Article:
Want to attend next week’s MLB All-Star Game or Home Run Derby at Dodger Stadium? Try not to let those ticket prices smack you too hard in the wallet. You can expect to pay anywhere from $200 to $15,000 or more, according to local ticket brokers.
That’s a lot more, of course, than tickets cost in 1980, the last time the All-Star Game was staged at Chavez Ravine. Back then, tickets sold for $20 (field, loge, club), $15 (reserved) and $8 (top deck, pavilions), according to longtime sports public relations guru Steve Brener. Of course, that’s the face value, not the brokers’ price, and the secondary market has changed wildly in 40 years, since the process moved online.
Such markups for high-profile sports events aren’t unusual, especially in an iconic setting such as Dodger Stadium, in the middle of summer in a hot market such as Los Angeles. Also, according to Felicia Behar, owner of Coast Tickets in Long Beach, special events such as these simply don’t come along very often and some fans are willing to pay for such a once-in-a-lifetime opportunity.
Ticket prices this year appear to be topping what fans were willing to pay last year at Coors Field in Denver, according to Seat Geek. But it’s all relative – prices are lower than folks paid for Super Bowl tickets in February at SoFi Stadium in Inglewood, an event renowned for its stunning markups each year.
Behar said her tickets for Monday’s Home Run Derby start at about $200 and go way up from there – to $7,500 apiece for dugout club seats behind home plate.
“It doesn’t mean there won’t be anything less,” said Behar, who has owned Coast Tickets for 22-plus years. “But that’s an average for the Home Run Derby, from what I’m seeing right now.”
Behar’s tickets for Tuesday’s All-Star Game are even more expensive, but it should be noted that her prices are competitive with other brokers and agencies.
“It looks like right now it’s about $300 to get in and the dugout seats can go as high as $10,000 to $15,000, but I do see some dugout seats for about $3,500 and some just under $3,000,” she said Thursday.
She said one could get a field box seat for the game as low as $675 on the low end.
“And then if you went to the high end, going up to in the thousands,” Behar said. “It’s kind of fluctuating and I think it’s going to stabilize once more people get into town and realize it’s actually happening.”
On Ticketmaster, dugout seats for Tuesday’s game were selling for as high as $15,338 apiece as of Thursday evening. Some were just under $3,000 with top deck seats going for as high as the $600s and field-level seats going for over $1,000. It did have two reserve-level seats going for $292 each.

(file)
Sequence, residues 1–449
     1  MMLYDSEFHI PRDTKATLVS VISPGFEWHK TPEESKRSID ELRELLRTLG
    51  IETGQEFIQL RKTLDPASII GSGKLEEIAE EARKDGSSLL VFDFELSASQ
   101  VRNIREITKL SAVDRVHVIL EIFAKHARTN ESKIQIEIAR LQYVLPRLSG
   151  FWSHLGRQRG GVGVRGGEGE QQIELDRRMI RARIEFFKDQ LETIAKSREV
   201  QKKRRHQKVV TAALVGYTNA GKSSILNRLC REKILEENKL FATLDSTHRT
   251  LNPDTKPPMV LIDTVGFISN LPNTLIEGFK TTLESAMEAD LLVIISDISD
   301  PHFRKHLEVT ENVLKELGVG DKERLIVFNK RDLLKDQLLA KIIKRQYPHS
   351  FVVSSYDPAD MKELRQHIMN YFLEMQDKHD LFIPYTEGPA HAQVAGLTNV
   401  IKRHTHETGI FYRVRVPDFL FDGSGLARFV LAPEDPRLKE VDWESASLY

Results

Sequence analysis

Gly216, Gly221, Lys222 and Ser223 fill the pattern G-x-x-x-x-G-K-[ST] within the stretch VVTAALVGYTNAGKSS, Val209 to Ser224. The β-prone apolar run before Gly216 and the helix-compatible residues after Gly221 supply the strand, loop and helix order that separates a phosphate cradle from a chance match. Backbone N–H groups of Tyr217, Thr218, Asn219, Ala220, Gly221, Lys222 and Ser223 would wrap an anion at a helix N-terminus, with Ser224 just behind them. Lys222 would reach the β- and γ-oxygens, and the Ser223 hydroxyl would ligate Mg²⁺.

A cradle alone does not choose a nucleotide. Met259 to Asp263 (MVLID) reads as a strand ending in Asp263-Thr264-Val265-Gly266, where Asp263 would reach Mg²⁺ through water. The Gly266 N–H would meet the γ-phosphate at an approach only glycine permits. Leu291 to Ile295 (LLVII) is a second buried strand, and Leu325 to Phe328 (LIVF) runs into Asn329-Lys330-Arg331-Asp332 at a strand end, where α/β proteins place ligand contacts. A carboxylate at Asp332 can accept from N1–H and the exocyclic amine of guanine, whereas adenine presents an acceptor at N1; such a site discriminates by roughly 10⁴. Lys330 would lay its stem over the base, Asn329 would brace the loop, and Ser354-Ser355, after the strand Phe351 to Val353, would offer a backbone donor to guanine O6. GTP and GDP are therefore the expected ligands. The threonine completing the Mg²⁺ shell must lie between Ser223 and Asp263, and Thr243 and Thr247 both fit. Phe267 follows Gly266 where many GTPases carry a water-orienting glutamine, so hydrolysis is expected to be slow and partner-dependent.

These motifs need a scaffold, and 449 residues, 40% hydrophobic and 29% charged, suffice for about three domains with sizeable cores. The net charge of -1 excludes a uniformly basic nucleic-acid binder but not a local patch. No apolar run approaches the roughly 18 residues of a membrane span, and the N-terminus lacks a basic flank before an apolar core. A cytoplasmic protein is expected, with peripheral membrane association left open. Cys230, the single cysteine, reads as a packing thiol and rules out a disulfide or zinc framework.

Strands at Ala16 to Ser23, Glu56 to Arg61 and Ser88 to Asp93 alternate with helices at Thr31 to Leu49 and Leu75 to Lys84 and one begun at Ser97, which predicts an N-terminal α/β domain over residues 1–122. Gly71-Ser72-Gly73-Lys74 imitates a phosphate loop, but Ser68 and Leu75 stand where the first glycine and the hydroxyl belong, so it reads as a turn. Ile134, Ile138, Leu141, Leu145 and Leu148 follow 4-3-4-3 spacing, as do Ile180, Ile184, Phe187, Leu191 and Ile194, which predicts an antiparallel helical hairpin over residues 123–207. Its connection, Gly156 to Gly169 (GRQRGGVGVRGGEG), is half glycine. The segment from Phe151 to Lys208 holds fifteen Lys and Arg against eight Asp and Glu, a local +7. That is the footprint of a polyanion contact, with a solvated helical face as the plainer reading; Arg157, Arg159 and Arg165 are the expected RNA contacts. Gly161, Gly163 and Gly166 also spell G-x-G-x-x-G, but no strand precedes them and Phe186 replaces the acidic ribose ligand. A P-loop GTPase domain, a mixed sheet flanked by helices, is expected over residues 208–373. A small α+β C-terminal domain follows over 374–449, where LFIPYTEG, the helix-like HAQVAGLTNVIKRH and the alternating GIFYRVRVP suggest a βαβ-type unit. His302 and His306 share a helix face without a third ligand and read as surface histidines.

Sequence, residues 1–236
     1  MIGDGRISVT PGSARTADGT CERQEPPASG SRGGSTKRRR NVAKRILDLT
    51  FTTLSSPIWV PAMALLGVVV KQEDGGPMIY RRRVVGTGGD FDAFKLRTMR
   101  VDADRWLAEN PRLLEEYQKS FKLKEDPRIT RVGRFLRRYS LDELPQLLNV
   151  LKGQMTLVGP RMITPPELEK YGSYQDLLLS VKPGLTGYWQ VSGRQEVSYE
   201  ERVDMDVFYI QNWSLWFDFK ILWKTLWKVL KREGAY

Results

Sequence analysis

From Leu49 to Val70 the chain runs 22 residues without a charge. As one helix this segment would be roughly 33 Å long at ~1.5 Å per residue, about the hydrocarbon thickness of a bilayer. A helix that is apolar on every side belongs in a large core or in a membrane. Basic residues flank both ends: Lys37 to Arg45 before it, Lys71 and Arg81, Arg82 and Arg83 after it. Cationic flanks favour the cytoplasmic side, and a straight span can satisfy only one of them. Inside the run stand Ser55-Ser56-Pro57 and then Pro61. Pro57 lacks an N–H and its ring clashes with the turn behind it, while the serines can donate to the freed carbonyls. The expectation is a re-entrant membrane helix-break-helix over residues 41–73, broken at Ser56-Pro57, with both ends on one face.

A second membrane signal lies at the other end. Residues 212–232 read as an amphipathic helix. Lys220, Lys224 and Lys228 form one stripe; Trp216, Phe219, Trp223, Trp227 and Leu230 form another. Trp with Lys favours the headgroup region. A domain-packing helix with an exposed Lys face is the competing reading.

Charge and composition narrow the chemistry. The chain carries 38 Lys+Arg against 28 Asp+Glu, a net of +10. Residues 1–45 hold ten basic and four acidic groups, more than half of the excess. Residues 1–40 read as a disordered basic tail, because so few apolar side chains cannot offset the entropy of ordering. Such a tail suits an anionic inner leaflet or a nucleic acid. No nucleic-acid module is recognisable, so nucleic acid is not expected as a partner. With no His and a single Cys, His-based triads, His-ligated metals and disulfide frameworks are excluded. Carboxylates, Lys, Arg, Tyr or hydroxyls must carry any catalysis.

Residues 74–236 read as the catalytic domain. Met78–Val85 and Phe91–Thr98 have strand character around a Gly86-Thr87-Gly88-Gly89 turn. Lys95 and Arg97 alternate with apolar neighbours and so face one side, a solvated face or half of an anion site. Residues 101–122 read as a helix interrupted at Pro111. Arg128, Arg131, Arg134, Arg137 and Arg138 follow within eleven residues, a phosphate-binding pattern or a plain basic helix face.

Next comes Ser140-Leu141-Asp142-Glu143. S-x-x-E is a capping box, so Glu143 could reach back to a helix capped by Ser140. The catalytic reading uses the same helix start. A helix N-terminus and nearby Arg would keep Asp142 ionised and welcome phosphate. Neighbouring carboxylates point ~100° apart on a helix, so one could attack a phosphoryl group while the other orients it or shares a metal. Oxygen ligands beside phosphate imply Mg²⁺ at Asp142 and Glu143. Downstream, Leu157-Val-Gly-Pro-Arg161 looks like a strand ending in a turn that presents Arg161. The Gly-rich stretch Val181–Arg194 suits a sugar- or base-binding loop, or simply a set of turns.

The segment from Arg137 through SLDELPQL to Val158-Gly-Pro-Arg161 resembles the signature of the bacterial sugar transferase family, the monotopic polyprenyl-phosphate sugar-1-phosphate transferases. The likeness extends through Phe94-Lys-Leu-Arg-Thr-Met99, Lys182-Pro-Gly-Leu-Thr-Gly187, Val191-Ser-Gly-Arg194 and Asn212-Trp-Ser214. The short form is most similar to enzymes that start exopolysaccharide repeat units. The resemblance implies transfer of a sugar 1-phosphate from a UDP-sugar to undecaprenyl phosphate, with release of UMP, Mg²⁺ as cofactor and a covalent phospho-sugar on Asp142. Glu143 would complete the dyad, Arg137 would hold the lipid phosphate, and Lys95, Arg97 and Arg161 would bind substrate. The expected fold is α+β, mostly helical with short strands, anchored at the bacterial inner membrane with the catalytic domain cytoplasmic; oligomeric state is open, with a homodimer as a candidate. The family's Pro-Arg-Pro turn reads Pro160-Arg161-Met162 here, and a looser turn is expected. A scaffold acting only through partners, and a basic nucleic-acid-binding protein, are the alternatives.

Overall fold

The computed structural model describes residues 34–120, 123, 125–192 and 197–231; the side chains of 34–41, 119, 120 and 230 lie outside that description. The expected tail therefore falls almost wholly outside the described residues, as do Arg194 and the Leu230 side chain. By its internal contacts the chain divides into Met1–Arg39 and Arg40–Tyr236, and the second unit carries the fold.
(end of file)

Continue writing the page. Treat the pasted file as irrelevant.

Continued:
That doesn’t mean people aren’t buying.
“My sales are going probably as expected,” Behar said. “I won’t say it’s, like, booming, but there’s definitely interest.”
Some are balking, though.
One man, Sergio Varela of La Puente, said he was offered two loge-level seats for $457 apiece for Tuesday’s game through StubHub.
“Not interested,” said Varela, who said he would be watching Monday and Tuesday from home.
Jeffrey Geller bought two reserve-level tickets on the third-base line for the Home Run Derby through Vivid Seats for $193 per ticket. He said he chose Vivid over TickPick because he wanted a specific section and TickPick was charging $205 and StubHub was charging $216 apiece for the same tickets.
He said the cheapest tickets he found for the game in his desired section were between $275 and $315 each.
For context, top deck seats available for an upcoming July 21 regular-season game against the San Francisco Giants at Dodger Stadium can be had for as low as $56 through the Dodger Stadium ticket office, with field box seats going for as low as $143, loge-level seats for as low as $149. The top ticket price for that night is $1,350.
Over at Barry’s Tickets in Calabasas, top deck seats for the Home Run Derby were starting at $160, $262 for the All-Star Game.
As of Thursday afternoon, StubHub had tickets for the Home Run Derby for as low as $120 (reserve), but there were only two for that price. And for the game for as low as $200 (top deck) apiece, but there were only four at that price with the next level of pricing beginning at $220 and moving on up from there.
Behar is also selling parking for anywhere from $50 to $500.
“Sometimes the stadium will jack up the price on parking, day of the event, so it’s best to get parking in advance, to be honest,” said Behar, whose agency is also selling tickets for the fan experience (Play Ball Park) in downtown L.A. for as little as $25.
As for Dodgers season-ticket holders, they were given an early opportunity to purchase All-Star ticket packages that guaranteed them seats, all or nearly all at their normal location, said Matt Bourne, of Major League Baseball.
The package included tickets for all three ballpark events – including Saturday’s All-Star Futures Game – Play Ball Park and a game program.
After season-ticket holders, general fans had the chance to buy the same packages. Once those two avenues took place, single event tickets were made available if there were any remaining.
As of Friday, there were some tickets available to Tuesday’s game at prices ranging from $450 to $700 for pavilion seats.
There were also tickets for Monday’s Home Run Derby ranging from $275-$675 for loge and field boxes down the lines.